Wednesday, March 21, 2012

The Buffy Paper That Was Never Meant To Be....

Unfortunately, my abstract for an academic paper on Joss Whedon, theology, and the Buffyverse was turned down.  I'm not gonna lie, I'd really hoped to get a green-light - because where else am I going to come across a call for papers about Buffy the Vampire Slayer and theology? - but also not gonna lie, I'm so strapped for time, I'm not sure if I would've been able to fit it in, if they did give me the greenlight.

In any case: here it is. My very first academic abstract.  Any publications interested in seeing this, just give me a ring....

Souls Clothed in Demonic Flesh: The Divided Natures of Angel & Spike

by Kevin Lucia

"You don't have a Soul. You are a Soul. You have a body." - C.S. Lewis 

Christian philosopher C. S. Lewis couldn't have imagined the Buffyverse in this quote, but it offers eerie resonance concerning the cases of Angel and Spike, two vampires who, throughout their existence possess souls housed in demonic flesh, conditions that offer ample material for discourse on the topics of damnation, redemption, salvation, and the conflict between Good and Evil that exists within us all.

Even more intriguing is how these vampires obtain their souls. Angel is cursed with his as punishment for past sins, while Spike wins his (depending on perspective), in order to prove his worth to Buffy as a person. Angel's soul is dependent on his eternal torment, subject to removal should he ever obtain happiness. Spike's soul is permanent, though it must endure a painful assimilation - that of his demonic vampiric nature, weaker human nature and an idealized, “hero” figure, into a whole being.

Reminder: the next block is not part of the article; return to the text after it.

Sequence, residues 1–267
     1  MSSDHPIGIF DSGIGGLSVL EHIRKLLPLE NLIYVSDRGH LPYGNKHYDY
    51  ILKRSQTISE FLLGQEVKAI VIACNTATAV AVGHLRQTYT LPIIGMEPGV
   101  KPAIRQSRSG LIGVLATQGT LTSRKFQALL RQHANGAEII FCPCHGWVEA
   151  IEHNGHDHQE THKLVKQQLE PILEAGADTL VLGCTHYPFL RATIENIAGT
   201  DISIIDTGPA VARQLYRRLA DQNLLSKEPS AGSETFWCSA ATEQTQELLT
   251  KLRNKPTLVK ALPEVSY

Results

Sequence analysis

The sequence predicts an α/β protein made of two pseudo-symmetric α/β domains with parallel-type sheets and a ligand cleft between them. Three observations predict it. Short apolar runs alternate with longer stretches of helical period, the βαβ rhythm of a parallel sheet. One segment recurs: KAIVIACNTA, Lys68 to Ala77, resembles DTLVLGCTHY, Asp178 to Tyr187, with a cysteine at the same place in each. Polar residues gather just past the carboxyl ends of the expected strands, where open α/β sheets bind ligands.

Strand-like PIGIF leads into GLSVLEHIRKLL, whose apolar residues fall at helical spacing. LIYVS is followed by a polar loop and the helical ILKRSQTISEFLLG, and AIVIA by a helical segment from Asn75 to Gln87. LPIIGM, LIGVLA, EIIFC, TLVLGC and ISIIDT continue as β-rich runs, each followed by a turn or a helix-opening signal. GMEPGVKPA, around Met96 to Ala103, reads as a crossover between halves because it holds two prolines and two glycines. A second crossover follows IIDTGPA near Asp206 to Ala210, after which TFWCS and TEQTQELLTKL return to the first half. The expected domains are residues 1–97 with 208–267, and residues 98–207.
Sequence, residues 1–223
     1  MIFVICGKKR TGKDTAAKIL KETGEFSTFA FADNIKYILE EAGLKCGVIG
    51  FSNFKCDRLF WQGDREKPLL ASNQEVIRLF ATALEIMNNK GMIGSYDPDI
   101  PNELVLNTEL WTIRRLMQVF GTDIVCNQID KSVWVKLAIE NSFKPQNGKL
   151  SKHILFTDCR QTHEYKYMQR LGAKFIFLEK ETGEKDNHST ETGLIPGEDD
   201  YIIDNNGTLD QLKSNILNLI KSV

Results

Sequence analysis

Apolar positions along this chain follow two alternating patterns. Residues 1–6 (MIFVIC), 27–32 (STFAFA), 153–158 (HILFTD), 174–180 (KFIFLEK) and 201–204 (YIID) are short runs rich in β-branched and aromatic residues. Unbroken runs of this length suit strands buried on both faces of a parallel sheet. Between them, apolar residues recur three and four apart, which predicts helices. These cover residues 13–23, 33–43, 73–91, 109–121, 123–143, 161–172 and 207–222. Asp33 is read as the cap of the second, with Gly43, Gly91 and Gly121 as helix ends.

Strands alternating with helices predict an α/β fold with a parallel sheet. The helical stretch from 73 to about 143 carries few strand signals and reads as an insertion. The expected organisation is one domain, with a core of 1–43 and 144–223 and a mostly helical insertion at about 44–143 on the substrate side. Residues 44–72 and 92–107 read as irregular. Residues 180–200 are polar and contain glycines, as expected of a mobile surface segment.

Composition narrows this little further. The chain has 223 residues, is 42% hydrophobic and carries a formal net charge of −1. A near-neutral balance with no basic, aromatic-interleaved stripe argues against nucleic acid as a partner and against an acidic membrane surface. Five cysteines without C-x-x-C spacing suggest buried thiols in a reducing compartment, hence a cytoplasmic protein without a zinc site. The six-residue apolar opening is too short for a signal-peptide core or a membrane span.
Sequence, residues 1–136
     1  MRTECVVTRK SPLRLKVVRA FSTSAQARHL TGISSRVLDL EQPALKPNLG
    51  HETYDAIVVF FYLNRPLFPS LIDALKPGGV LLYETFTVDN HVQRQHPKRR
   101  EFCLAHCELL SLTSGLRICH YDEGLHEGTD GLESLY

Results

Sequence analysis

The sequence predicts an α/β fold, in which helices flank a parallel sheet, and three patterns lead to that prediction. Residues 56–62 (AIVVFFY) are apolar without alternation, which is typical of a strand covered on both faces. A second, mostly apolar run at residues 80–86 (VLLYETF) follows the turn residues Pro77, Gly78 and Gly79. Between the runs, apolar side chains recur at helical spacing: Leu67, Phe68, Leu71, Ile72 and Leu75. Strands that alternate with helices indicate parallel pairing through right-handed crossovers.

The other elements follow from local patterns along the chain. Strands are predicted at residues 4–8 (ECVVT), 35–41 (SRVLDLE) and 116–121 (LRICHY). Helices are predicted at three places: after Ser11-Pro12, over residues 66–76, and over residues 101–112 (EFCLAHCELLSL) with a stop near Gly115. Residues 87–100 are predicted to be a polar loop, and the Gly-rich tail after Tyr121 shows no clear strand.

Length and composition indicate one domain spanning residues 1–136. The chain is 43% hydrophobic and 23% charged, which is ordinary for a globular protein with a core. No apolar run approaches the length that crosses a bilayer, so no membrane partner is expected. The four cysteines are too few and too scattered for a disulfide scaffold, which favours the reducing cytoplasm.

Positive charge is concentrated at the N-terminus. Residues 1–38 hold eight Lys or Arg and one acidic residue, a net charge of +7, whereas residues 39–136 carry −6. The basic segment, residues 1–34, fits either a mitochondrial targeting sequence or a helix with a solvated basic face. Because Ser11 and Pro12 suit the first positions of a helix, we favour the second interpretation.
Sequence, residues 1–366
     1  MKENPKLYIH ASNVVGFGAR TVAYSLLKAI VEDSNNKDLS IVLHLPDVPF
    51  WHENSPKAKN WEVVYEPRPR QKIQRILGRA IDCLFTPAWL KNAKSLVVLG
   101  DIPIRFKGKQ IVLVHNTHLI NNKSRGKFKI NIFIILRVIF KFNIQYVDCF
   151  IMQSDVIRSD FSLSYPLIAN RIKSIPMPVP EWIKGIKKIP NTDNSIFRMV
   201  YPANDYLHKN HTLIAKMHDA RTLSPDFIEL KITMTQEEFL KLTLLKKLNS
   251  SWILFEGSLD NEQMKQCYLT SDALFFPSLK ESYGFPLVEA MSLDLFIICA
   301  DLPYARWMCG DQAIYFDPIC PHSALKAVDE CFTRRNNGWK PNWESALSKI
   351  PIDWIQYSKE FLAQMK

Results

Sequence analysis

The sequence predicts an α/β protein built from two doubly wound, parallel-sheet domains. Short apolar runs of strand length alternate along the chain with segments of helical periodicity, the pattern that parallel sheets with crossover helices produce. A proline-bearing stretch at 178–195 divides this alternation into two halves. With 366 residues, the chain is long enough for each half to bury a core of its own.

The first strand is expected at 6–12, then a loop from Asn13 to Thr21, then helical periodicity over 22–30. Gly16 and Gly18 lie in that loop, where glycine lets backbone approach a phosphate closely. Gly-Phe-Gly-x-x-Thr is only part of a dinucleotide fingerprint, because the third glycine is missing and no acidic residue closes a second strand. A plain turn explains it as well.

Complicating matters is the “Shanshu Prophecy” from Angel, stating a vampire with a soul will play a pivotal role in the apocalypse and win back its humanity. When Spike joins the Angel cast for its final season, an interesting conflict emerges: which vampire with a soul most deserves their humanity most? One cursed with a soul for its evil deeds, or one given their soul for enduring arduous, torturous trials?

I propose examining Angel and Spike's soul-body constructs through a variety of belief systems: Catholicism, Protestantism, Zoroastrianism, Deism and even Humanism. The intent, however, will not be to pigeonhole Spike or Angel into a particular belief, but to examine and consider the possibility that of all the inhabitors of the Buffyverse, Angel and Spike are the most emblematic of our eternal, spiritual struggle between Good and Evil.

So. Any takers?